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Irish Water expects to raise €39m in charges over the next five years

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A new water charging scheme will start in 2020

A new water charging scheme will start in 2020

A new water charging scheme will start in 2020

Around 80,000 households will be subjected to excessive usage water charges when the new charging scheme is implemented in 2020.

In a report sent to Government last week, the State's water agency estimated it would collect €7m in charges in the first year under the new system.

This will increase to €9m annually within five years, according to the Irish Water strategic funding plan.

In total, the water utility expects to raise €39m over the next five years from excessive usage charges.

The figures are based on between 75,000 and 80,000 households paying the average capped domestic water rate of €260-a-year.

The strategic funding also estimates the cost of running Irish Water up to 2024 will be €11bn.

The new charging system was agreed by Fine Gael and Fianna Fail as part of the confidence and supply agreement which underpins the Government.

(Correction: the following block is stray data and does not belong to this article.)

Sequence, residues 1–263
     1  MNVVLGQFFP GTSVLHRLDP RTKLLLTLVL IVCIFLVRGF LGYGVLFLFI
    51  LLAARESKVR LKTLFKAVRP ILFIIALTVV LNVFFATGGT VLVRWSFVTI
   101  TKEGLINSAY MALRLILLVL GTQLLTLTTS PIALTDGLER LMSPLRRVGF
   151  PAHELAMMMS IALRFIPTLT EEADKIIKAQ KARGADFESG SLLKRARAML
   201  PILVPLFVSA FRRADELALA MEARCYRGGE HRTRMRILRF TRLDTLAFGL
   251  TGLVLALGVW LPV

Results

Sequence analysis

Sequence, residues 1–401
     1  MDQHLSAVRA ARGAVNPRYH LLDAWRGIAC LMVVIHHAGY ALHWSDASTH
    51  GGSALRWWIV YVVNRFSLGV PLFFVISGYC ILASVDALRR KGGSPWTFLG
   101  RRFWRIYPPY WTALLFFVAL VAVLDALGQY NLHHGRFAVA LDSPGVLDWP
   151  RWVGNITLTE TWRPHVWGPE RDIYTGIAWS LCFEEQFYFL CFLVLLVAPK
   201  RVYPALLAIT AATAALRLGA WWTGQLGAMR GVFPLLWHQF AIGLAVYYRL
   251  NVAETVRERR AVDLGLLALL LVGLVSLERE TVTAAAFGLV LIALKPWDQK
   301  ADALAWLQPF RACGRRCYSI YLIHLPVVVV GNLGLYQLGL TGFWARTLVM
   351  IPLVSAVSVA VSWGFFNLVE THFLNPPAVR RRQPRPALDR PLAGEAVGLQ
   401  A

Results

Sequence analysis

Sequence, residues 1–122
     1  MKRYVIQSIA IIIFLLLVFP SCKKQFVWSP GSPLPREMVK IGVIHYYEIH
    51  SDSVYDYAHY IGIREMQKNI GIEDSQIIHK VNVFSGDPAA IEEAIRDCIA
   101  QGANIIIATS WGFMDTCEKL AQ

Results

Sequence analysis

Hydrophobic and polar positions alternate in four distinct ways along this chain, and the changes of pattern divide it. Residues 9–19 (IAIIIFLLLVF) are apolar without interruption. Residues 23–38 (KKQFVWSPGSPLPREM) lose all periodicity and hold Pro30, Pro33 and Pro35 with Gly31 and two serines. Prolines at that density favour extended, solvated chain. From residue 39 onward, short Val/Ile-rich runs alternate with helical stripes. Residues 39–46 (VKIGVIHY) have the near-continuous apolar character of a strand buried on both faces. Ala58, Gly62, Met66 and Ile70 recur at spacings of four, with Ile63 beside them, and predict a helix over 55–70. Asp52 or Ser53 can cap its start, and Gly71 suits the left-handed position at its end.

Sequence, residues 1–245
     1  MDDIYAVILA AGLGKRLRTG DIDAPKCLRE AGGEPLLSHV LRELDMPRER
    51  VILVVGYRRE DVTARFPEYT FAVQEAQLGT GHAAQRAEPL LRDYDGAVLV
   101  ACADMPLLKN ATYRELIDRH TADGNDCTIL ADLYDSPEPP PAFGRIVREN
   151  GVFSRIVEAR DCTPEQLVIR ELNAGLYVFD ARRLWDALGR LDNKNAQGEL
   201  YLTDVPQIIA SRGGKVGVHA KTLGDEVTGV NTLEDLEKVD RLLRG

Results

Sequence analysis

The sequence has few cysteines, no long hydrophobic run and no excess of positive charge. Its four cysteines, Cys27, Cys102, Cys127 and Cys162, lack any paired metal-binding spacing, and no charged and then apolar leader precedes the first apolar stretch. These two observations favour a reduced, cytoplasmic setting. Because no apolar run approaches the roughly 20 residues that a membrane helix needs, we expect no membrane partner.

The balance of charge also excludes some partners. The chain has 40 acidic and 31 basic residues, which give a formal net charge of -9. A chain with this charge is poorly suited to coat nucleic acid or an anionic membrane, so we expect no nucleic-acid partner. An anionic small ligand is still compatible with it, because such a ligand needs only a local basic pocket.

Under the agreement, water charges were abolished but - to ensure the country does not incur EU-imposed financial penalties - fines for excessive water use were introduced.

Families using 1.7 times the average - 213,000 litres for a four-person household and 79,900 litres for a single-occupant home - will be forced to pay water charges.

It was previously estimated around 7pc of customers - or 95,000 households - will be hit with excessive usage charges.

An Irish Water spokesperson said the figures were "adjusted for average rates of payment and minus the expected level of customer engagement to rectify the excess use".

Leaks

"Irish Water recently made a submission to our economic regulator, the Commission for Regulation of Utilities (CRU), on the potential rates for those average households who are using in excess of 213,000 litres of water per year," they said.

"The details of any charges and their application will be determined by the CRU.

Irish Water have estimated the revenue that could potentially be raised if those customers we engage with fail to fix leaks or fail to curb their excess usage."

Estimates were based on the original charging regime.


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